Nat. Commun. 8, 15128 (2017)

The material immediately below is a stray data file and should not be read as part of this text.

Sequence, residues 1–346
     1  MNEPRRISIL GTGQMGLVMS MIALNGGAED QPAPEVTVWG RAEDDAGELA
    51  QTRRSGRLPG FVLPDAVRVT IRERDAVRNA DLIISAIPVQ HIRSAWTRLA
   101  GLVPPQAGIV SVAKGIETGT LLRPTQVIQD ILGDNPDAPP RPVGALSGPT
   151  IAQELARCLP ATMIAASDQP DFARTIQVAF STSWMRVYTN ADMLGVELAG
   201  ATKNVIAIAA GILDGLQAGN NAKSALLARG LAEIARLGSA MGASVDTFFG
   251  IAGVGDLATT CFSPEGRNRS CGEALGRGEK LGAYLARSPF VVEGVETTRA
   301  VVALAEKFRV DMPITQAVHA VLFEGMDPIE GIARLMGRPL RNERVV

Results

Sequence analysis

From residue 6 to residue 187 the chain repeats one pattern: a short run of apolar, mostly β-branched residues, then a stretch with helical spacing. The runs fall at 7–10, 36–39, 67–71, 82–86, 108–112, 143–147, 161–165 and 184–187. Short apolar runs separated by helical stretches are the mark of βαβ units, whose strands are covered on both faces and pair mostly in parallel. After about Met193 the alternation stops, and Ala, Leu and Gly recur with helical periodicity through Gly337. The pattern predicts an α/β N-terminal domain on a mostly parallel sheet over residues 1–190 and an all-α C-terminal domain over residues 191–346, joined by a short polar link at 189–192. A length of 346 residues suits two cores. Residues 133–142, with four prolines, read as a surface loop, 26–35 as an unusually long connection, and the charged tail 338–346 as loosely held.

Synthetic genetic circuits have allowed researchers to rewire cells, opening the door to broad applications in biotechnology, agriculture and medicine. However, these circuits impose a burden on the host cell and compete with endogenous processes for resources. To address these issues, Venturelli et al. recruited the bacterial endoribonuclease MazF, which recognizes an 'ACA' sequence in single-stranded RNA found in over 96% of Escherichia coli transcripts, to divert resources to a protected synthetic genetic circuit by degrading transcripts that contain MazF recognition sites. Recoding the mCherry reporter or glucose dehydrogenase gdh transcripts to lack MazF recognition sites ensures protection from degradation after MazF induction, resulting in enhanced fluorescence or gluconate production, respectively. By building a model of cellular resource allocation, the group revealed the strength of the MazF negative feedback loop and the effectiveness of the stoichiometric inhibitor MazE. Transcriptional profiling of MazF-induced cells uncovered cold-shock regulatory elements that were upregulated in response to MazF activity. Recruiting MazF as a global regulator of transcript stability enabled alteration of resource allocation inside a host cell. The researchers envision that resource allocation control could be used in biotechnological applications by modulating the balance of cell growth and production in a dynamic manner.